In this week’s episode of the STEM Learning Project’s weekly roundup, we’re going to take you on a global safari. We’re going to have a look at a few inspiring STEM education initiatives from around the world. We’ll start in WA, then wend our way through Asia, Europe, Africa and the Americas.
STEM Education Initiatives are about more than just STEM
To start with, I have to say that reading about all these initiatives got me really excited. There are a few themes running through the ones I found most inspiring. Many of them are focussed specifically on girls in STEM (In fact, I almost turned this into a post about STEM Education initiatives for girls because there were so many to choose from!). Also, they tend to pair STEM skills with other important skills, such as social networking (like Perth’s Innovator’s Tea Party) and creative thinking (such as Singapore’s Destination Imagination).
Most importantly, these initiatives are not really about STEM at all. They are social enterprises, dedicated to making the world a better place. The STEM skills are a tool that can help all sorts of different people to learn, grow, and contribute to the future of humanity. Sound exciting? Let’s get started!
There are plenty of great STEM education initiatives right across Australia, but WA does have some pretty impressive ones (what, I’m not biased! OK – maybe a little bit). One new initiative is the Innovator’s Tea Party. This Perth based not-for-profit aims to get women into STEM careers through a mentorship project. Their annual networking event for 2017 is coming up during National Science week on the 19th and 20th of August.
Heading out to the outback, we have Re-Engineering Australia’s Outback STEM Education Initiative. This initiative aims to start in WA, but then eventually to develop into the rest of regional and remote Australia, bringing cool engineering challenges to remote students.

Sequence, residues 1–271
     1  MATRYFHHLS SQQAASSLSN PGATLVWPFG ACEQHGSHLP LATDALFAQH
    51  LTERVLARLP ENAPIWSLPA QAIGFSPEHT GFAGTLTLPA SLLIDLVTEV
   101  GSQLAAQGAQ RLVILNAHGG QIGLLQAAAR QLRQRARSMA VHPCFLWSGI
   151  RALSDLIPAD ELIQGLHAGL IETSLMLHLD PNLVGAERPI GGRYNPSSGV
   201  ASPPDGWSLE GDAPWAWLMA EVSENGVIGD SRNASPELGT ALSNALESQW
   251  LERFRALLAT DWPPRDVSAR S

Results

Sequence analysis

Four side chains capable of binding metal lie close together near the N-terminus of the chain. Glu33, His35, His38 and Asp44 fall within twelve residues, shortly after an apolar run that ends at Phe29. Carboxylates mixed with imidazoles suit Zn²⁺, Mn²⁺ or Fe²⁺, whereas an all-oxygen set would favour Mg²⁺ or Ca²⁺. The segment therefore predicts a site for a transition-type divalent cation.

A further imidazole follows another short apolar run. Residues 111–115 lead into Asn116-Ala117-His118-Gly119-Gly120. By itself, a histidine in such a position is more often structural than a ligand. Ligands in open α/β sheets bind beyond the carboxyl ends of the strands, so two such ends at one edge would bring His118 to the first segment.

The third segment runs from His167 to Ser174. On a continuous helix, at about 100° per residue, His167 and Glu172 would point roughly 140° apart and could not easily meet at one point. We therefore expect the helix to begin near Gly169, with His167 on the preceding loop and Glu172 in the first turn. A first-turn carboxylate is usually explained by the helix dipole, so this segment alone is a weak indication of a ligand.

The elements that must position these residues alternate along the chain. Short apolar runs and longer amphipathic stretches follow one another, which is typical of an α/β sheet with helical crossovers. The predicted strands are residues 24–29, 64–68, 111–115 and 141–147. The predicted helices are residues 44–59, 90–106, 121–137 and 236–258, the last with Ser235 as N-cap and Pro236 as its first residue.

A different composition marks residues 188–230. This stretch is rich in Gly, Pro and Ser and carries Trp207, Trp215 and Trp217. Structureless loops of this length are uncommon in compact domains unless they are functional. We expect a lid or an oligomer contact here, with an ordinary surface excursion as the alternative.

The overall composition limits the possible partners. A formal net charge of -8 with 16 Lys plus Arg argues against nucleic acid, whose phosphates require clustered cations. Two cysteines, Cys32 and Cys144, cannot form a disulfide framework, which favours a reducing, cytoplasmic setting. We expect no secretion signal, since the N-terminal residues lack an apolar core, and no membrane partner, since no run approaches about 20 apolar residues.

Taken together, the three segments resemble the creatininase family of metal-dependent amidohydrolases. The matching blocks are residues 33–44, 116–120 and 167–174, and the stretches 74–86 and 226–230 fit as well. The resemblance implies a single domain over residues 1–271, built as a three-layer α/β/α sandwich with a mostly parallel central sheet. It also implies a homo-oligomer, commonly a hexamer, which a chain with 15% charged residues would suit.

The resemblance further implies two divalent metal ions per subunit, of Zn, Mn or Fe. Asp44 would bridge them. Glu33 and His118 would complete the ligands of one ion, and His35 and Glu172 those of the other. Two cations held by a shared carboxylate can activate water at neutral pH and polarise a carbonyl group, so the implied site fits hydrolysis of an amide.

Destination Imagination in Singapore is a social enterprise after our own heart here at the STEM Learning Project. It uses STEM, as well as other learning areas such as visual art and improvisation, to teach creative thinking.
In India, Qualcomm India recently launched aqriti, a STEM education initiative to help underprivileged girls. Read more about it here.
The Hypatia Project aims to make STEM more accessible to girls by creating gender-inclusive education modules. The modules are accessible online and support hubs in countries throughout the EU. They focus not just on reaching students with STEM but on transforming STEM education at every level, with the aim to produce a more equal society.
In Ghana, Soronko Solutions runs Growing STEMS, a rural-focussed STEM education program that equips whole communities to innovate and problem solve. They also run coding classes for girls through the Tech Needs Girls initiative. This initiative broadly aims to create gender diversity in the technology fields. At the moment their specific focus is on teaching underprivileged girls.
Projekt Inspire, in Tanzania, is a youth career development organisation. Their STEM education arm, Inspire STEM, works with secondary schools to provide cross-disciplinary, project based learning challenges.
Continuing the theme of women in STEM, a new initiative has just launched in Detroit, USA in response to a lack of candidates for STEM jobs across the state. Find out about it here.
Let’s Talk Science brings university volunteers to schools across Canada to promote STEM skills and careers.
And back home…
I hope you enjoyed your grand tour of the world in STEM Education Initiatives. There was a lot more than we got to visit on this whirlwind adventure! To finish off, we’ll come back to Australia and right here to the STEM Learning Project! Don’t forget that we’ve got some more professional learning coming up that you can book into. Check it out on our PL page.